War for the Planet of the Apes:
the rise of an intolerant America?
A movie midway between a blockbuster and a biblical epic
By Luc Archambault
I took my time to truly digest War for the Planet of the Apes, the third instalment in the Planet of the Apes reboot. Not that it is a bad film, quite the contrary; but the moral ground it adopts leaves something of a bitter taste in retrospect.
You probably already know the story: the apes, under the guidance of Caesar, are living and thriving, especially after the Koba misadventure (as seen in Dawn of the Planet of the Apes, 2014). But the humans of the Alpha-Omega community (a reference to the Doomsday bomb at the end of Beneath the Planet of the Apes, 1969), living in the ruins of San Francisco under the command of the Colonel (Woody Harrelson), are on the warpath and plan on exterminating the growing ape community. They attack the compound, killing a number of apes, including Caesar’s wife and young son.
While the simian community decides to relocate far away across the desert, Caesar embarks on a vengeance mission to confront the Colonel, accompanied by Maurice, Luca and Rocket. The small group encounters an isolated human soldier living in an abandoned village who is shot and killed by Caesar when he reaches for his riffle. The apes then discover that he was trying to protect his daughter, a mute unable to speak. Maurice adopts her and baptizes her Nova (again, a reference to the first film, Planet of the Apes, 1967).
What troubles me more than this barely veiled reference is the homogeneous composition of the chosen people.
After meeting up with Bad Ape, a very intelligent chimpanzee living in the ruins of the Sierra Zoo who agrees to lead them to the Colonel, Cesar and his companions finally arrive at the relocalized Alpha-Omega compound, where they find the rest of their ape clan enslaved by the humans and building a wall without food nor water. The Colonel, having captured Caesar and recognizing his tactical intelligence, confesses to him that the Simian Flu, after having decimated the human race, had mutated, producing in surviving humans a devolution through which they become mute and regress back to a primitive state. On a holy war path and striving for the survival of mankind, the Alpha-Omega community is under orders to kill off any infected humans, including the Colonel’s own son.
Of course, not all humans share this goal and an army from the north marching against Alpha-Omega attacks the compound while the apes are being freed by Caesar and his accomplices. But not before Caesar reaches the Colonel, lying in his lair, having fallen victim to the virus and unable to speak. Caesar puts down his gun, but the Colonel uses it to shoot himself.
During the battle between the human armies, Caesar manages to blow up Alpha-Omega’s fuel supplies, causing an avalanche that wipes out both opponents, while the apes take refuge in nearby trees. The surviving ape community crosses the desert, and as they glance at the verdant valley ahead, Caesar dies from the wounds he suffered in the battle. The biblical implications are obvious here. Caesar is the new Moses, having freed his people from the Egyptians, and leading them to the promise land, but never reaching it himself, but dying at its border.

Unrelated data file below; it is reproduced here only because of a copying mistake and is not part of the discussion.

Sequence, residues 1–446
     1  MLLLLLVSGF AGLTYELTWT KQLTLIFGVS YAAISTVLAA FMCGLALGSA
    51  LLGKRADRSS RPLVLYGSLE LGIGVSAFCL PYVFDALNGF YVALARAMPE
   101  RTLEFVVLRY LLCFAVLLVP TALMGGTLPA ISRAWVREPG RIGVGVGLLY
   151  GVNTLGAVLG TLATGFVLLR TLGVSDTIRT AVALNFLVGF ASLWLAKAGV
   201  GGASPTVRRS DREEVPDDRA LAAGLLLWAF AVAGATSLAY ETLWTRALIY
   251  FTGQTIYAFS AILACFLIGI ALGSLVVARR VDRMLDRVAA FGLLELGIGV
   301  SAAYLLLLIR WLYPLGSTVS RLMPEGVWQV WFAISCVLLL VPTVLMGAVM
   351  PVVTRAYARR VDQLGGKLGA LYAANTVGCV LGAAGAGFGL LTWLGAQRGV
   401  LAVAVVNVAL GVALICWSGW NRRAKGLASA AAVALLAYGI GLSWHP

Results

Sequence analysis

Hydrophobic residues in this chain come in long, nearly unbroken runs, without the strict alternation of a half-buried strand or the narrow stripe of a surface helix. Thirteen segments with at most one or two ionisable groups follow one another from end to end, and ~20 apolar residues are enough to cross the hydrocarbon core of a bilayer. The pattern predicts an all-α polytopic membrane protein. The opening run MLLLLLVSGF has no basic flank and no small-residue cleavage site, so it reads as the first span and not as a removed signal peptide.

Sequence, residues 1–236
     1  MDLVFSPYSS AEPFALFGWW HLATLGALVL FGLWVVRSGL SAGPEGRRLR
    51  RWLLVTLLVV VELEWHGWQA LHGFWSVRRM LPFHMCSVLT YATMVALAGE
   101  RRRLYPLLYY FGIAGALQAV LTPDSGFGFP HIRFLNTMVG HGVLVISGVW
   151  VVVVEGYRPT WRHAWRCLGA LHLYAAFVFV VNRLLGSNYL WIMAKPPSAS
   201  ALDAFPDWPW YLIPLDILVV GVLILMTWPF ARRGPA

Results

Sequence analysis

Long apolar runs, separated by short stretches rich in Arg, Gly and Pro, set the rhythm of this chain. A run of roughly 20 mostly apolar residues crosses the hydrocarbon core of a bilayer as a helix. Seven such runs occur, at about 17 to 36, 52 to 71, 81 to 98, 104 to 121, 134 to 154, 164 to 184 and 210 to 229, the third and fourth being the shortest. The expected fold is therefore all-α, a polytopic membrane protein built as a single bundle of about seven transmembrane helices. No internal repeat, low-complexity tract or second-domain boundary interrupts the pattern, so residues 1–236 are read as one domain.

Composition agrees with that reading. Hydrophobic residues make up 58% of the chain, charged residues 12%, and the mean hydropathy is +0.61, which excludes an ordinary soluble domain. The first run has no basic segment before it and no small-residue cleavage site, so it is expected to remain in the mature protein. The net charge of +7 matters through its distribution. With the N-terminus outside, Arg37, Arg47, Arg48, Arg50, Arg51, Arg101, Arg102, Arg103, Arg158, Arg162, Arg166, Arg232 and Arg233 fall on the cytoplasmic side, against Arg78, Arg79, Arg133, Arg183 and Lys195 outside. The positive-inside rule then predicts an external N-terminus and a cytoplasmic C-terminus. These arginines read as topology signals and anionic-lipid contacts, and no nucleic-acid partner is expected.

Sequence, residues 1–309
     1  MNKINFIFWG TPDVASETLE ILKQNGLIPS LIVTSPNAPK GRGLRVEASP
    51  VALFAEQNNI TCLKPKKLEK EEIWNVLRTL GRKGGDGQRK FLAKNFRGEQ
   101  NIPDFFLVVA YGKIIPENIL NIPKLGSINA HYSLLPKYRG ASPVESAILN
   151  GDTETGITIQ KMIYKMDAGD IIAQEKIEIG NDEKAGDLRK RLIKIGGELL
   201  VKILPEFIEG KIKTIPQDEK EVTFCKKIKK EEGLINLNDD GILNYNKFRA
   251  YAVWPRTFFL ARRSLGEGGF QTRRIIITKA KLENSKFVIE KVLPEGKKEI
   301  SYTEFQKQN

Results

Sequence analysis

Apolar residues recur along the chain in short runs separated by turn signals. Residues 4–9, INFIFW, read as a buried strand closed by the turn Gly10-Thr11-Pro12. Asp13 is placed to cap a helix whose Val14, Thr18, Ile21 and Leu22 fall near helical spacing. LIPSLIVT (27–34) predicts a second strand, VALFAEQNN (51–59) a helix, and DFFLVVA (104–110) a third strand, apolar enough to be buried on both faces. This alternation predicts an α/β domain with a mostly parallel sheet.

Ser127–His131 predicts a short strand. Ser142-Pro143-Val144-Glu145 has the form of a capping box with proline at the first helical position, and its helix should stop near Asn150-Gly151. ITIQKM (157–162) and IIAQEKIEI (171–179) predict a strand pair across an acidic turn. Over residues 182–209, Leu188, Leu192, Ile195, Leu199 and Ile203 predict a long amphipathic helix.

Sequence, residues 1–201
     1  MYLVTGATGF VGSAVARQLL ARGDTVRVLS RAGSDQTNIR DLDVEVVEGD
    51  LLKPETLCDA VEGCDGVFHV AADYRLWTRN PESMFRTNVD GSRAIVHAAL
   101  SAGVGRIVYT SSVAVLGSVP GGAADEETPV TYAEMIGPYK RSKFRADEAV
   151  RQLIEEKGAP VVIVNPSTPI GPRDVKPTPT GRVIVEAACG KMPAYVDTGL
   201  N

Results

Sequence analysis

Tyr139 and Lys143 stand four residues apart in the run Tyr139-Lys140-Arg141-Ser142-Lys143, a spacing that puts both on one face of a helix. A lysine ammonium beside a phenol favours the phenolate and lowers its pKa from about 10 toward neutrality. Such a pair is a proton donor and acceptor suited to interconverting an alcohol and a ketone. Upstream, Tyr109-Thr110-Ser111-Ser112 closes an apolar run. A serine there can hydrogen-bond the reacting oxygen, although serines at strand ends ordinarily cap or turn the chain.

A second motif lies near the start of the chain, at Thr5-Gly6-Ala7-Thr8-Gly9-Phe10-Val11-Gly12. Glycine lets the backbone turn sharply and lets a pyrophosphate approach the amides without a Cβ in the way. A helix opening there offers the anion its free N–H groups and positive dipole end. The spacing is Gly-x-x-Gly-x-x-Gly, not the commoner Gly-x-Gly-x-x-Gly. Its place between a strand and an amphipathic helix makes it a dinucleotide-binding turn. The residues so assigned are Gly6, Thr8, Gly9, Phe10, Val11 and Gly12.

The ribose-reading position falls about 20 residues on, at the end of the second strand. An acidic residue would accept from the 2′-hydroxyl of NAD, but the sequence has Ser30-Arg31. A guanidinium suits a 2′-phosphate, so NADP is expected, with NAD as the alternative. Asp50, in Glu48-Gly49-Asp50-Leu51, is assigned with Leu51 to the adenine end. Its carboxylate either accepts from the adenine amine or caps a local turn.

Is it a philosophical retreat to a fascist frame of mind, even if is stemming from traditionally leftist Hollywood?
What troubles me more than this barely veiled reference is the homogeneous composition of the chosen people. Whereas in the first installment of the Planet of the Apes films, most notably Battle for the Planet of the Apes, 1973, on which this film is based, we see, at the conclusion of the film, a projection into the future, some hundred years after the events of this ‘battle’ between humans and apes, in which there are humans living harmoniously alongside the ape community. Only the mutant humans are aggressors in this scenario, and both humans and apes live in harmony and respect.
But, in War for the Planet of the Apes, the conclusion is quite different. There remains only one human alive, Nova, and she is affected by the Simian Flu virus. The chosen community is therefore only made up of apes. A pure racial and religious community. Is this the current view emanating from Hollywood? Is it a philosophical retreat to a fascist frame of mind, even if is stemming from traditionally leftist Hollywood? I must admit that this film deeply unsettled me for that reason. Especially in this age of rising conflicts between ideologies, nations and economies.
There is now talk of three to four more movies to be added to this franchise. Now where will this new scenario take us? The storyline seems closed at the end of War for the Planet of the Apes, with Caesar’s death. Oh, of course, we have Nova and Cornelius, Caesar’s surviving son, to take us to a new chapter, but this would be a rehash of the original films, of course. I just hope it won’t involve the astronaut Taylor, returning ‘home’ from a flight into space/time… But with Hollywood, and especially the bad taste and poor judgement shown so far, who knows?
But, in the end, this film remains definitely a must see in this summer’s crop. The twists and turns of the scenario are surprising enough to satisfy the most ardent sci-fi fan, the only stumbling block being the modification and modernization of the storyline when compared with the original films. But if you’re in tune with racially homogeneous communities, then you should run to see this movie; you will enjoy it. If not, it might make you shudder in your seat and anxiously await the coming apocalypse.
Images: courtesy of Twentieth Century Fox Film Corporation
Writer and journalist, globe-trotter at heart, passionate about movies, music, literature and contemporary dance, came back to Montreal to pursue his unrelenting quest for artistic meaning.